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Author Ward, Pamela A
Title Achievement and self-concept in diverse populations of gifted middle school students
book jacket
Descript 89 p
Note Source: Dissertation Abstracts International, Volume: 66-10, Section: A, page: 3570
Adviser: Carolyn M. Callahan
Thesis (Ph.D.)--University of Virginia, 2006
The purpose of this study was to identify differences in achievement and self-concept, and the relationship between these two constructs in related areas, among ethnically diverse sixth grade students identified by their school divisions as gifted. Scores from the Iowa Test of Basic Skills, a standardized test of achievement, and self-concept scores from the Self-description Questionnaire II, were compared using analysis of variance and Bonferroni post hoc procedures. The achievement scores in basic skill areas were correlated with the corresponding domains of academic self-concept
The achievement scores in reading, language expression and usage, mathematic problem solving and data interpretation and mathematic concepts and estimation for the Caucasian group were significantly above those of the African American and Hispanic groups (p < .016) in all areas. The African American group scored significantly above the Hispanic group in reading, language expression and usage and mathematic problem solving and data interpretation (p < .016). There were no significant differences in any of the domains of self-concept
For the Caucasian group there was a significant correlation between achievement and self-concept in all four areas (p < .01). There were significant correlations between math self-concept and mathematic problem solving and data interpretation (p < .05) and math self-concept and mathematic concepts and estimation (p < .01) for the Hispanic group, but no correlations in language expression and usage or reading for this group. There were no significant correlations for the African American group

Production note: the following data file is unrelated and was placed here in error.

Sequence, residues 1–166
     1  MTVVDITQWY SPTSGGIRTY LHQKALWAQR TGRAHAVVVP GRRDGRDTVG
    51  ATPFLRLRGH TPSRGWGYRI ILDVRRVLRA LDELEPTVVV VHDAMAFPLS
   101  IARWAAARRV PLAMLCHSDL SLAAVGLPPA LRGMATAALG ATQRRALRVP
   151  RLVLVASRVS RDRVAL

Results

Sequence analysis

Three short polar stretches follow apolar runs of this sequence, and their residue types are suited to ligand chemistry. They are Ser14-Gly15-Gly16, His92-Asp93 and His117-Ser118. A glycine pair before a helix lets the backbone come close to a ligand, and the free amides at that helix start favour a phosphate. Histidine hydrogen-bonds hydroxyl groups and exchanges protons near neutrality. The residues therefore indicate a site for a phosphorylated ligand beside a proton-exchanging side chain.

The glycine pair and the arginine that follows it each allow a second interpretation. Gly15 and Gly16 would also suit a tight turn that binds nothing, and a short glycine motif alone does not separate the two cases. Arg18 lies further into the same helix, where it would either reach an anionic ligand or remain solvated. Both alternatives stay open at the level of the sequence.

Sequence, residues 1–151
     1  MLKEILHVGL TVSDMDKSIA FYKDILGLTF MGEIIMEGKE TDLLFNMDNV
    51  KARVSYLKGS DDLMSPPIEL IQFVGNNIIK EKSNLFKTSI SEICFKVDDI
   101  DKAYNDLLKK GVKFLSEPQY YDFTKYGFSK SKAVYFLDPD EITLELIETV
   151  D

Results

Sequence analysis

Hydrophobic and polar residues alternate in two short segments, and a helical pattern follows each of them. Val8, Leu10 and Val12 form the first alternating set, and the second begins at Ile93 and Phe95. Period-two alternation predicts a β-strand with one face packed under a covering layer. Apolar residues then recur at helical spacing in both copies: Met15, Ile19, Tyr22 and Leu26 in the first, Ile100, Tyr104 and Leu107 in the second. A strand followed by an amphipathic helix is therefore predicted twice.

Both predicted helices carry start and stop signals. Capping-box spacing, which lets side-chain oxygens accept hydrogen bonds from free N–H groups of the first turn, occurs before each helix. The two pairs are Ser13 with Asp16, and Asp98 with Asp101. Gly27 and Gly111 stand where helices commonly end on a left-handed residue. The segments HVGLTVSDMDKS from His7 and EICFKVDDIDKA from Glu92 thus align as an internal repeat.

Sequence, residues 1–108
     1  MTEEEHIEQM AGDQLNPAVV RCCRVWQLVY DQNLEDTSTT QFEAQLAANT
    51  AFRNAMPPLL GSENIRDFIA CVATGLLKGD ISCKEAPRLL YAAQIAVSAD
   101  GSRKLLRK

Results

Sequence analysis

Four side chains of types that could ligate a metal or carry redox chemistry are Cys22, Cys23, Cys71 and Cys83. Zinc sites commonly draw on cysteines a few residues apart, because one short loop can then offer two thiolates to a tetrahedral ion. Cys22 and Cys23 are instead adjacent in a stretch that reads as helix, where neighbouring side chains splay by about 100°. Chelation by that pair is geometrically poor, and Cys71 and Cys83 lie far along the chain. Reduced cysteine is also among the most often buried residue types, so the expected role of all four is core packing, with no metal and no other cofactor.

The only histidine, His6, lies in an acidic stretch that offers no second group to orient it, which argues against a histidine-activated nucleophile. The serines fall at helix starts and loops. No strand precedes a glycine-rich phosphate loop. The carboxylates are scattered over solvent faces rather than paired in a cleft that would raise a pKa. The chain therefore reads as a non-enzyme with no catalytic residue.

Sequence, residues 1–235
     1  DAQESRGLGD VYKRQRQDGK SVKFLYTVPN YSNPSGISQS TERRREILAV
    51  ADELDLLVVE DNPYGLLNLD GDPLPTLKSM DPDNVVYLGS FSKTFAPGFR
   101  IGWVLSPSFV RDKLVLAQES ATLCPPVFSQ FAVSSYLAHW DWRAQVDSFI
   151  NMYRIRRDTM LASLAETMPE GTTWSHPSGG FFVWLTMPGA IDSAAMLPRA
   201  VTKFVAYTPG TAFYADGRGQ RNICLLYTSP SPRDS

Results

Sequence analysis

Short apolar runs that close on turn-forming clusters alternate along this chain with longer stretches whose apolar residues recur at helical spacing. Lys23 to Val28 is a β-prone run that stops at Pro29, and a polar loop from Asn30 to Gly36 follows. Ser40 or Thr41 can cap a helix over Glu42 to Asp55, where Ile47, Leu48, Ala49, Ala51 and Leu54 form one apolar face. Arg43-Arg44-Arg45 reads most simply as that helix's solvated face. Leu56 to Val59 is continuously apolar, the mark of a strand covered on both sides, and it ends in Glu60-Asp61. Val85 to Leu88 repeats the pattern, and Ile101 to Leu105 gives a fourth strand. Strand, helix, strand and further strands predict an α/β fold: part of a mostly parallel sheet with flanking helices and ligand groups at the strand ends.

This study suggests that African American and Hispanic sixth grade students identified as gifted have a lower level of basic skill proficiency than their Caucasian counterparts as measured by a standardized test of achievement. There appeared to be no significant differences in self-concept in general or specific academic domains
Caucasian gifted students demonstrated subject-specific correlations between academic self-concept and achievement in all areas. For Hispanic students correlations existed only in mathematics. For African American students no correlations were apparent
This study suggests that there are differences based on ethnicity among sixth grade students identified as gifted. These data add to a limited body of quantitative research findings on the subject and may have implications for academic planning and interventions
School code: 0246
Host Item Dissertation Abstracts International 66-10A
Subject Education, Educational Psychology
Education, Special
Education, Bilingual and Multicultural
Black Studies
Alt Author University of Virginia
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